He [David] died at a good old age, full of days, riches, and honor; and his son Solomon succeeded him. [1 Chronicles 29:28]
Ted did indeed "die of having lived" and "at a good old age, full of days." Between that and an assurance of his firm saving faith in Jesus Christ I don't think we could ask for more.

So what does this have to do with Christmas? Well, several things but let me highlight two.

The first is that our family has now joined the group for which Christmas will have bittersweet memories mixed with the joyous celebration. A week ago I was talking with a wonderful spiritually and chronologically mature member of our congregation and while she was wishing us the best for the holidays and the joy of having so much family together she herself was not looking forward to the occasion. Having little family, and none on this continent, the usual festivities and the societal expectations of Christmas did not ring true to her. We must remember that this time is difficult for many for a variety of reasons.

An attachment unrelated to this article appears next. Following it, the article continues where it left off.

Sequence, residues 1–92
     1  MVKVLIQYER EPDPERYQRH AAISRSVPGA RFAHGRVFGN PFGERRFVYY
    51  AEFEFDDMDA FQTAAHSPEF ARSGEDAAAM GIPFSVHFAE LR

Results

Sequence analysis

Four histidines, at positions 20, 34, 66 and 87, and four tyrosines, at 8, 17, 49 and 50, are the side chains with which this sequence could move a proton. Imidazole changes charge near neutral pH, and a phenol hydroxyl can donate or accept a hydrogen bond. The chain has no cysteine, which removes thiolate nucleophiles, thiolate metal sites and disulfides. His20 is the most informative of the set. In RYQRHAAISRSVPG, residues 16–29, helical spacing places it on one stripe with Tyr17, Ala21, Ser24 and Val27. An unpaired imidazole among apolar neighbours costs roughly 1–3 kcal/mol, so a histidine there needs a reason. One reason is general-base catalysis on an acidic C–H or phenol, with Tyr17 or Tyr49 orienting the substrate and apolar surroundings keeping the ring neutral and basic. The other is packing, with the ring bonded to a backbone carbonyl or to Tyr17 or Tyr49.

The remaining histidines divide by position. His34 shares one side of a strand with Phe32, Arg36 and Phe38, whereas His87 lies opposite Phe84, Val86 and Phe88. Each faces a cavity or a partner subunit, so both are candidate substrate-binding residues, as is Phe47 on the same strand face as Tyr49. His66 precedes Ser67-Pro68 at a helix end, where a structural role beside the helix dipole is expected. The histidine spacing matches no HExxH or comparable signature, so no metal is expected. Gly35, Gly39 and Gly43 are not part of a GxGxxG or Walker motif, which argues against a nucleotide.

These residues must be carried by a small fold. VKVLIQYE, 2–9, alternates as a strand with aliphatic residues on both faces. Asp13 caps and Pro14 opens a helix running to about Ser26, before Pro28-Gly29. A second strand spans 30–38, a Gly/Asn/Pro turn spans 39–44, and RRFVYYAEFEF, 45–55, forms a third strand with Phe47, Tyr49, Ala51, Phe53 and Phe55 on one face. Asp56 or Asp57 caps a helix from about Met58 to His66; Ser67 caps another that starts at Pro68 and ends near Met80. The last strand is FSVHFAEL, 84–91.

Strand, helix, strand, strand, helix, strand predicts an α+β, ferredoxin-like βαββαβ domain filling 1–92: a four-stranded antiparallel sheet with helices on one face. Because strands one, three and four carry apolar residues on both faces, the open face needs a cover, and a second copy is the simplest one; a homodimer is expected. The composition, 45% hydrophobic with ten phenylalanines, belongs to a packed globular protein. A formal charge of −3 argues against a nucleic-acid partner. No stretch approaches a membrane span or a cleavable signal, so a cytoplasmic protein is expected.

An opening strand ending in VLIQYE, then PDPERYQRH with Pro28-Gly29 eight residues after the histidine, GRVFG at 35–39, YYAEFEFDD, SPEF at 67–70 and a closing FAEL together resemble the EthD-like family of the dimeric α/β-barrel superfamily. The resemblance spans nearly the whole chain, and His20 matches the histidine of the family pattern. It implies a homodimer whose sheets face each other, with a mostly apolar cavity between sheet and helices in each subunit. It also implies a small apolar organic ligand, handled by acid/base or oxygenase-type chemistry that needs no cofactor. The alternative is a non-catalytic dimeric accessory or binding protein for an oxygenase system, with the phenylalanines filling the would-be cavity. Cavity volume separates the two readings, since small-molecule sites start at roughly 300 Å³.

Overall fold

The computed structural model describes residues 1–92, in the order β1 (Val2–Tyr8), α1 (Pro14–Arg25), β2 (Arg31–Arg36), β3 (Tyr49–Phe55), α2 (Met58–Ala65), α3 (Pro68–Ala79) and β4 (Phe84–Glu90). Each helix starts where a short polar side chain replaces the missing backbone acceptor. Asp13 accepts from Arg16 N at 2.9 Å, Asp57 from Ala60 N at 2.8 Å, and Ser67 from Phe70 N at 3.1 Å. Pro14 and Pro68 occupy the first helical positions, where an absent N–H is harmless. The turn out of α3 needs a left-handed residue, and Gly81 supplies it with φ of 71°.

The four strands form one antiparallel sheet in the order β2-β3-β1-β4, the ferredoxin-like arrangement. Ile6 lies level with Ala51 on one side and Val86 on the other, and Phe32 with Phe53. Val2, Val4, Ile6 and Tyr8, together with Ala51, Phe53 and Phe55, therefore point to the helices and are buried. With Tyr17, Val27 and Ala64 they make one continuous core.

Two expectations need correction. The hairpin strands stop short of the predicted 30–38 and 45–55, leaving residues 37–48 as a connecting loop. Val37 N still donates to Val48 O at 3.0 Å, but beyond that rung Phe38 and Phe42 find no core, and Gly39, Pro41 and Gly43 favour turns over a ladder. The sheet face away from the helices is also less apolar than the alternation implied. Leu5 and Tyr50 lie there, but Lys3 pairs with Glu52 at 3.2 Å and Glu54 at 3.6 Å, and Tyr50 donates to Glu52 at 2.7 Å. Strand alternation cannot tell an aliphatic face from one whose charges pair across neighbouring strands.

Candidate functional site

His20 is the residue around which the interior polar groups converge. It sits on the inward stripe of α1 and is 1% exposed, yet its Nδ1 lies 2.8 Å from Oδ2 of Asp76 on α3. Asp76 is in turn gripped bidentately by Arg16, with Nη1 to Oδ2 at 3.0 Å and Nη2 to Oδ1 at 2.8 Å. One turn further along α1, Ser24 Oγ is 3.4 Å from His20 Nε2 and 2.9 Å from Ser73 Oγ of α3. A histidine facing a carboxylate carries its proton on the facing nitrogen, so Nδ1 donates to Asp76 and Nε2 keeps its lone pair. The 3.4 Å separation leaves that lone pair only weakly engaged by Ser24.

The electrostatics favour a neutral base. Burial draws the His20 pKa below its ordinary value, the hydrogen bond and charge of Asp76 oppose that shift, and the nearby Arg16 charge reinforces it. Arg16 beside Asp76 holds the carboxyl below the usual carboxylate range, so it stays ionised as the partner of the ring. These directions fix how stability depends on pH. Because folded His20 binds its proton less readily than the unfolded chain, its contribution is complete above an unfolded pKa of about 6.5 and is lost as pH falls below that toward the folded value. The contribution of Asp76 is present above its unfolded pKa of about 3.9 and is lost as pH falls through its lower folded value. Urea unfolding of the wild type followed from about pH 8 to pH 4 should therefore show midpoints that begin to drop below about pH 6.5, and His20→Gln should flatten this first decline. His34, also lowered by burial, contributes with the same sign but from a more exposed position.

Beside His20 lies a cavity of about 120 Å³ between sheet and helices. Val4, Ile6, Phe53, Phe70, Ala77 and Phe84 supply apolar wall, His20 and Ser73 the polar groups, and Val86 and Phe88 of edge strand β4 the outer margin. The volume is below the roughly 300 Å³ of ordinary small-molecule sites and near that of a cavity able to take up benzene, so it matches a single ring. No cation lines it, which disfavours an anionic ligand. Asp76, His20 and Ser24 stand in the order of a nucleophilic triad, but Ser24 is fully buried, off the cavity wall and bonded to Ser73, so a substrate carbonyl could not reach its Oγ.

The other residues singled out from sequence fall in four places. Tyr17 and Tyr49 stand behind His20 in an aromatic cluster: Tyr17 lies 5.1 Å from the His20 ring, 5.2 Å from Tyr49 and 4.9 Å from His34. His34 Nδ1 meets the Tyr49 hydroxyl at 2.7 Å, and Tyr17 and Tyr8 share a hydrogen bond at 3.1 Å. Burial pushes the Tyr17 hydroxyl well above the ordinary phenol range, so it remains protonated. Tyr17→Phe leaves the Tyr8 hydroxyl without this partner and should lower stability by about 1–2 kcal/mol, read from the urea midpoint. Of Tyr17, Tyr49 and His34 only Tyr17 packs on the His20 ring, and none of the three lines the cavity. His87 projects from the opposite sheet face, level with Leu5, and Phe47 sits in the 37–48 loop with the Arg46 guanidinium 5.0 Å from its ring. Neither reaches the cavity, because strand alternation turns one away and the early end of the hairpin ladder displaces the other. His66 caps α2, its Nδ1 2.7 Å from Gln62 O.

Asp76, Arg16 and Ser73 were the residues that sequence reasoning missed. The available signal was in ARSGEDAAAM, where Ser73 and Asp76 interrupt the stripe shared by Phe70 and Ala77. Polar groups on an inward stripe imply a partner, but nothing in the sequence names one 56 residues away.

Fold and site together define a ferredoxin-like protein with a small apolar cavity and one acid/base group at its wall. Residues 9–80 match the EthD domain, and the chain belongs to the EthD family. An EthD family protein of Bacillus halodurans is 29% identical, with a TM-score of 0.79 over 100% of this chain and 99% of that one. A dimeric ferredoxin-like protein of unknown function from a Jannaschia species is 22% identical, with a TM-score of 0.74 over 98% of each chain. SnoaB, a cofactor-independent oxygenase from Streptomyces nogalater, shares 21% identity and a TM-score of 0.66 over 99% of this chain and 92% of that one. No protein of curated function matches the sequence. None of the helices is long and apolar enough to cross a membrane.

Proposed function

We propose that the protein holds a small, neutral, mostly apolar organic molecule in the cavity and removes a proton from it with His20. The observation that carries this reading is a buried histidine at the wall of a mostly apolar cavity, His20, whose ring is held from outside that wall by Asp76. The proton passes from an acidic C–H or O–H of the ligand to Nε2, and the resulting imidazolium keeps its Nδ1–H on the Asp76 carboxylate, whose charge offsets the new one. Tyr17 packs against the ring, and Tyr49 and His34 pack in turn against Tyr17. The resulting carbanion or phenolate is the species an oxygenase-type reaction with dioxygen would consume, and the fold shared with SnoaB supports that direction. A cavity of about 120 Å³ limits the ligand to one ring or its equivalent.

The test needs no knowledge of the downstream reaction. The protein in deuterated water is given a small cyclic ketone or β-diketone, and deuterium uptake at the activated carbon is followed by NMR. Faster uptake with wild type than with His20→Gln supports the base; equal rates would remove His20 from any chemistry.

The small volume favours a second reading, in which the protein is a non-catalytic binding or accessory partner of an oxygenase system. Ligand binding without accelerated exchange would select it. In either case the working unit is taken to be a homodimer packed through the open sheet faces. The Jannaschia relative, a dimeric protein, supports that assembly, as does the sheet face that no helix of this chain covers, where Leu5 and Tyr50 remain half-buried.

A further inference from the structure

The second has to do with putting Christmas in context. Yes, this is rightfully a joyous celebration of the incarnation, but regarding the story the other book end is the death and resurrection of Jesus. While it may not be what we want to focus on at this time of year, it is helpful to remember the context and that Jesus did come to die. For him we have more difficulty saying that he lived a life "full of days."

But the story does not end there and it is because of the resurrection that our story does not end with death either. As scripture says: